How Tony Gemignani shocked the pizza world

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Marco Werman: If you want to be the best, you have to measure yourself against the best. That’s why American pizza chef, Tony Gemignani, likes to compete. And his category of choice? The authentic neapolitan margarita pizza.

 

Tony Gemignani: Every bite takes you through a journey. You start with the dough that’s on the bottom of your tongue, and then it goes into the tomato sauce and then it goes with the basil, then you taste a little bit of that salt and the melty-ness of the cheese. It’s a pizza that’s super-simple but at the same time it’s so complex.

 

Werman: And then you eat it. Tradition dictates that you cook the margarita in a super-high temperature oven. It’s a 90 second bake with an ultrathin pizza dough that can be hard to handle. In 2007, after years of study, Gemignani put his technique to the ultimate test: he entered the World Pizza Cup in Naples, the kind of competition that the purists might say Americans should never win.

 

Gemignani: At that time, it was nearly 100 degrees in Naples, it was tented, no air conditioning, six wood fire ovens that were at 900 degrees--just imagine you being in the worst conditions ever, you’re a sloppy mess, people are sliding their pizzas uncooked on their pizza paddles and they’re falling off, they’re football shapes. It’s kind of chaotic. Everybody is messing up--and these are third generation pizzaiolos, guys that have been doing it for years and their fathers and grandfathers are watching them compete. So, here comes this American guy in the middle of it, and I have my own technique of making my margarita, I let my dough rise in wood boxes; it’s an old technique, you still see it around a little bit. Putting dough into a 900-degree oven, you want it to be at room temperature as close as possible. You have metal, plastic, wood. Wood is actually, if you feel it at a room temperature, it’s actually room temperature. So, it’s an old technique I did, they were kind of making fun of me about it. My sauce had no seeds in it, I de-seeded all my sauce. The little things I did were totally different. They hated it, they really wanted me to lose. So, I put it in the oven, I’m counting to myself, literally “one alligator, two alligator,” I need to get this pizza out within 90 seconds. I pulled it out at 89.5, and when you drop it on your plate, the judge is supposed to look at it, lift it up, put it down and then say “Go to the judges.” Well, he lifted it up and it’s such a thin pizza that it bulges in the middle. Hel looked at me and he just stood there, and he wanted it to break. It felt like it was hours. It was actually maybe 15 seconds, I don’t know. Then he put it down, he pushed on it, and he said “Go ahead and go to the judges.” So, I go to the judges, I remember this one lady, “Leatherface” I called her, she looked at my pizza and said “Oh, what did you make?” “American.” I said “I made a margarita.” “What cheese did you use?” “Mozzarella fior de latte.” “How much sugar did you put in your dough?” I said “None.” “How much oil did you put in your dough?” I said “None.” “Did you put oil on top of your dough?” All these people were waiting to get judged behind me and she’s just drilling me. I went to the table, cut the pizza and brought it back to the judges and we had I think two slices left. The person came back and said “The judges want to try it one more time.” It’s crazy, because when you’re a judge you try 50 or 60 or 70 pieces a day, you don’t want a second bite. But automatically--”Okay, this must have been good. Maybe we have a shot.” Me and this guy Manzo, a guy from Providence, looked at each other and we said “I wonder if we got 2nd?” We never thought 1st. There’s no way. We just never thought 1st. So, “Third place goes to”¦” and then “Second place goes to”¦” and then we looked and I remember Manzo said “I didn’t win. My pizza sucked.” Then I looked and all of a sudden the cops came to our table and one guy said “Don’t get excited. Don’t get too excited.” It was one of the best moments. It was a great moment that you couldn’t get excited for. It was crazy because you had 90% of the people hating you. Then you saw the genuine people that were genuinely happy for you. So, I couldn’t get excited. We got excited but we had to calm down. We got escorted out and we partied at the hotel that night.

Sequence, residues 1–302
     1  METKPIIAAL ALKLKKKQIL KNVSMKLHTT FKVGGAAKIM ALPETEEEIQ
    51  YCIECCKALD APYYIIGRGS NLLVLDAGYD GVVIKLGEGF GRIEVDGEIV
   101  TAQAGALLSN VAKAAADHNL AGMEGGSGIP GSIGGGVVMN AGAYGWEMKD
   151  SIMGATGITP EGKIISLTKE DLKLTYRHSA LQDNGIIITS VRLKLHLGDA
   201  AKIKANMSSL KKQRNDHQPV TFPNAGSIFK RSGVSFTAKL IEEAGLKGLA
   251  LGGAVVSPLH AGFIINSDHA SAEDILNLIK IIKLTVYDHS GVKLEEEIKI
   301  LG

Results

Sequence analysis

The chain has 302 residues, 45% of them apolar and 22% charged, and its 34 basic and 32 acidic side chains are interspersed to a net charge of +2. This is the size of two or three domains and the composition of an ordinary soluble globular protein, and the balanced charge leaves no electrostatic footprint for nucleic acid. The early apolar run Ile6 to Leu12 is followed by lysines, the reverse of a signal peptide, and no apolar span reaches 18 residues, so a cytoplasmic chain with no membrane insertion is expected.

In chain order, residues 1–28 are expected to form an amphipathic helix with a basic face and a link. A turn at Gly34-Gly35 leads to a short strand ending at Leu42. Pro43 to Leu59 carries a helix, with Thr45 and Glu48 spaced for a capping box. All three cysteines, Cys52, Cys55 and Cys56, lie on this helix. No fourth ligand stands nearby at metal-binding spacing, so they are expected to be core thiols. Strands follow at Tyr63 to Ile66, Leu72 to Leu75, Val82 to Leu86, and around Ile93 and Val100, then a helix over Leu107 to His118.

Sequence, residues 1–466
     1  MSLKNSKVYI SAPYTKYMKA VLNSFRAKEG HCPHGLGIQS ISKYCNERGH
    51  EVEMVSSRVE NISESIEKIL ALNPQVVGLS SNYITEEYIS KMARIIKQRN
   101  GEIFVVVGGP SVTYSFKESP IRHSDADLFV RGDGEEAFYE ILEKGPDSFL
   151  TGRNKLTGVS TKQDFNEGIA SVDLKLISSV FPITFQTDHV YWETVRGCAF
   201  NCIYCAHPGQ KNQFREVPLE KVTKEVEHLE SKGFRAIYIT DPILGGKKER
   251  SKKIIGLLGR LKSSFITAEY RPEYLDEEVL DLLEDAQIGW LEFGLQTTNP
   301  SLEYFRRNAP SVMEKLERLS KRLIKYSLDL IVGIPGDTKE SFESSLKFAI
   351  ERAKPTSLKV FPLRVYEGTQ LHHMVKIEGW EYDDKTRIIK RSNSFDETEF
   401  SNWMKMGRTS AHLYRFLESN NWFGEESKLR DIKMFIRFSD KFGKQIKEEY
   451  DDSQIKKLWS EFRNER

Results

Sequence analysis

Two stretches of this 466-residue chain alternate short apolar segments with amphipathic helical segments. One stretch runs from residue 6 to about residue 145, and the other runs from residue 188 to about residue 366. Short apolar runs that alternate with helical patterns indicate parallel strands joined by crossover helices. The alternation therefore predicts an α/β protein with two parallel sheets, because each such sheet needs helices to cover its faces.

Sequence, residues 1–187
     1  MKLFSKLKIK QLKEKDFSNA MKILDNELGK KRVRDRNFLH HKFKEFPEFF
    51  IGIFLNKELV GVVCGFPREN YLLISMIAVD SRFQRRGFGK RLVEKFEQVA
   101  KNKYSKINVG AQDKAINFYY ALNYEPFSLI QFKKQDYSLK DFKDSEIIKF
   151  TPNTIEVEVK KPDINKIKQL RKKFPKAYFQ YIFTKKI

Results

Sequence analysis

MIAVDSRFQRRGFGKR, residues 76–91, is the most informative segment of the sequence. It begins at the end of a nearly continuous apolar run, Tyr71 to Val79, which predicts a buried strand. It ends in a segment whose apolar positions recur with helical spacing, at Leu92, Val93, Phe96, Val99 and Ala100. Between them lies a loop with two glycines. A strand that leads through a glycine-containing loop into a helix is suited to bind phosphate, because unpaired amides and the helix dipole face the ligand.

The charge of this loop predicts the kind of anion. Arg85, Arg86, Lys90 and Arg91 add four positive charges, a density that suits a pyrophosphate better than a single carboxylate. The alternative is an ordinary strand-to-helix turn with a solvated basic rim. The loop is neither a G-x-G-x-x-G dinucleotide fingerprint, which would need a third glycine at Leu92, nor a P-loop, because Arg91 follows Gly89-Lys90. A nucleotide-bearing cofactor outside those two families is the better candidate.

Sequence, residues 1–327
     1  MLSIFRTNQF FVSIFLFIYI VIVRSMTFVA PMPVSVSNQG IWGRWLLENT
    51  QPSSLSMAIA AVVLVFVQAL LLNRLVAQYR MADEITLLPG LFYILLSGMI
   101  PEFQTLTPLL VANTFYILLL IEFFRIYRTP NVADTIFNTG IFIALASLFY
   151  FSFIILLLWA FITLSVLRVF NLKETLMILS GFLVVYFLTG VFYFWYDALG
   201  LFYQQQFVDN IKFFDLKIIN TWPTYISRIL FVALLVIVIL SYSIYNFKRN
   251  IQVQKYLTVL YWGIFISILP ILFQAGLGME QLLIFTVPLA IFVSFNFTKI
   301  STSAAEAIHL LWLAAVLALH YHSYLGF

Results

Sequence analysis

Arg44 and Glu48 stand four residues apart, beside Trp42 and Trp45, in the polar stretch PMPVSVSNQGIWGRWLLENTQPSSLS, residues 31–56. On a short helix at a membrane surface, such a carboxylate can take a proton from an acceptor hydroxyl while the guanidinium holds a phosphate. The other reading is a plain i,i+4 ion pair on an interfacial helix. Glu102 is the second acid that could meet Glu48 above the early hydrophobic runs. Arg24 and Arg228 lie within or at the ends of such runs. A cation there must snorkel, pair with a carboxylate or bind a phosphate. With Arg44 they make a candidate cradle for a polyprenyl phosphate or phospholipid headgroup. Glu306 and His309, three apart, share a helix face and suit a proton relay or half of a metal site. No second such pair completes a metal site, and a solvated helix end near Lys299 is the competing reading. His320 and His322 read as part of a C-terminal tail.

Werman: I am jumping for joy. San Francisco-based pizza chef Tony Gemignani. He told his story to producer Alex Gallafent. Want to make pizza dough like Tony, or at least try? He shared his recipe at PRI.ORG.